Rendering shows off newest Nash Square condo tower

Rendering of The Nexus mixed-use project along McDowell Street

Details have come out about a new condo tower for downtown Raleigh. Part of The Nexus, The Nash will include over 100 condos overlooking Nash Square.

The Nexus is a multi-tower, mixed-use development planned for the former site of The News & Observer. The tower on the left in the rendering above is The Nash and you can see more about it over on their website.

From the press release:

The Nash will offer buyers a variety of floorplans, ranging from one bedroom homes to penthouse suites, and will feature an array of hotel-style amenities, including concierge services, that cater to urban lifestyles.

The architect for The Nash is Elkus Manfredi of Boston.

No word yet on a construction start date but deposits for units will be accepted in 2020. For the zoning geeks in the house, no rezoning is needed on this one.

With The Fairweather currently under construction, the addition of condos in The Nash is a positive sign that condo construction may be making a return to downtown Raleigh.

Moore and Nash Need A Haircut

While downtown Raleigh continues to go through a sort of ‘urban renaissance’, there may be some elements that are overlooked. We all love tall buildings and the convenience of being close to everything but, where in all this density is there any room for parks and open spaces for us to relax in? Moore and Nash square are our tickets for just that, but as downtown changes I believe that the squares need to change as well.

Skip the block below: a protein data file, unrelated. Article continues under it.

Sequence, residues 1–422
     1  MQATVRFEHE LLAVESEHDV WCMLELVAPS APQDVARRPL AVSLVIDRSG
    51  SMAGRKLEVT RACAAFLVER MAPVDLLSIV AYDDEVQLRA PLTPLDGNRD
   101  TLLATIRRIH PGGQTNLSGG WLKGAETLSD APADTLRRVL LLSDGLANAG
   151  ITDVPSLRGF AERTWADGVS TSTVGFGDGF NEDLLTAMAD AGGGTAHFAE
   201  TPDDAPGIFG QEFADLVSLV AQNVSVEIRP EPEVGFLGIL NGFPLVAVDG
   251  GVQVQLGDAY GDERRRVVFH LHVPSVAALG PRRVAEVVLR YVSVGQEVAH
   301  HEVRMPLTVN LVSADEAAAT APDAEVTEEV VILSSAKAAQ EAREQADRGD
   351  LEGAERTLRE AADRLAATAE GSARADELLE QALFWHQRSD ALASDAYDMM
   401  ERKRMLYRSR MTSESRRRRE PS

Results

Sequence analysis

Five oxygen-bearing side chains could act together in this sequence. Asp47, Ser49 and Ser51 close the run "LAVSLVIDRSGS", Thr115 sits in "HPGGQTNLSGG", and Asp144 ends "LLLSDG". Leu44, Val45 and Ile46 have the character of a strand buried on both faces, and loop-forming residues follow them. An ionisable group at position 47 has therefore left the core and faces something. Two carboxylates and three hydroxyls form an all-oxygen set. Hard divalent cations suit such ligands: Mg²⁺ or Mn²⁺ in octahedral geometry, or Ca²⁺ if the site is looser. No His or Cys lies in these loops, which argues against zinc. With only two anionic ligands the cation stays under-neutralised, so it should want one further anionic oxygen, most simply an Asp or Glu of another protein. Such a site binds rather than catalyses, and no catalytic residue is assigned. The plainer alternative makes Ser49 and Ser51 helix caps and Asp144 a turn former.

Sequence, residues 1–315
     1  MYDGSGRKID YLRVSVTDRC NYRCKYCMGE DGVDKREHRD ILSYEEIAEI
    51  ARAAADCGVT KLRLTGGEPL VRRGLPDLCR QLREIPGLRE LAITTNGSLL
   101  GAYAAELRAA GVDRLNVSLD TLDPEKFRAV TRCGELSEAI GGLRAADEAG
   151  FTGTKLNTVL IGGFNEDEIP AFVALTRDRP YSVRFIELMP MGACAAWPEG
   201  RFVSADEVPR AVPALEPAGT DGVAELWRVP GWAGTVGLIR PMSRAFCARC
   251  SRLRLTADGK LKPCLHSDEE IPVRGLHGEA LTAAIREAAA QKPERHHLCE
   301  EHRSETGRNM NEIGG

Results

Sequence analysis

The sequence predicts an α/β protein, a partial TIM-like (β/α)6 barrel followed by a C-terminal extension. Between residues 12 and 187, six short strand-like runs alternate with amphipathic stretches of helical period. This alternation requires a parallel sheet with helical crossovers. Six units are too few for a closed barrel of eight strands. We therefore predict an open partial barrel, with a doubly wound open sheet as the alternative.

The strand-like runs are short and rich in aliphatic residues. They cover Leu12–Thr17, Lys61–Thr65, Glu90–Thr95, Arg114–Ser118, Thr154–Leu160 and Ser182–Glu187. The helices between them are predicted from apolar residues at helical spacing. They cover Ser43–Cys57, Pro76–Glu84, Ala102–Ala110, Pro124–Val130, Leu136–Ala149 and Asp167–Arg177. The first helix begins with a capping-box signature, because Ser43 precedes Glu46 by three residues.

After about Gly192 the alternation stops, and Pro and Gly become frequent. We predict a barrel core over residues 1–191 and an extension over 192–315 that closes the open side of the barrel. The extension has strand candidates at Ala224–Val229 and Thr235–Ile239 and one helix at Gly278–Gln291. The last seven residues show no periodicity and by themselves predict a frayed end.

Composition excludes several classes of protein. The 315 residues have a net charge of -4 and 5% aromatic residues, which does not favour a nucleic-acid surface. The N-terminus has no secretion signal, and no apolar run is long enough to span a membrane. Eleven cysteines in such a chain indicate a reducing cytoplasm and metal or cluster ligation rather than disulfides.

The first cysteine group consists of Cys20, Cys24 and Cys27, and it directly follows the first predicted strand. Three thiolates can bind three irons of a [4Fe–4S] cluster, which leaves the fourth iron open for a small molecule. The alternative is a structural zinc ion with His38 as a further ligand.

Moore Square


Nash Square

To get more people to spend time inside our open spaces they need to be more inviting and currently Nash and Moore are not quite the best hosts to visitors, Nash especially. At a comprehensive plan presentation I went to a couple weeks ago, they touched on the layout of the two squares. A big detail that was mentioned that I never thought of before was that there are too many trees. Sounds odd right? If you think about it though a public square is more inviting if you can see all the way through it. It is even better if you can see buildings above the trees and street activity while being anywhere inside the space.

I went to visit Philadelphia in March 2007 and when recalling the trip, I remember that we spent some time around Rittenhouse Square, one of the city’s urban parks. (map) It has become one of the city’s most desirable areas and the park is a great example of what Raleigh should strive for. There is a great combination of pedestrian elements, like benches, wide sidewalks, statues, and fountains, mixed with nature. The trees do not overpower visitors or give anyone a slight sense of claustrophobia. Sunlight still comes through during the day while city and building lights brighten the space at night. Here is a picture I took during the trip.


Wintertime, so no leaves, but use your imagination

I really believe that Nash and Moore need to get a haircut. Even with the leaves gone, Nash square is still a rat’s nest of vegetation. The picture above will show you that you cannot see through the square and being inside can feel a bit crowded. Moore square does a better job but could still use some work. This may be a touchy subject but in the end, I believe it will get a lot of support because of the idea of preserving open spaces. Our two downtown spaces need a makeover and I’m not afraid to say it but many branches and some trees may have to get the ax.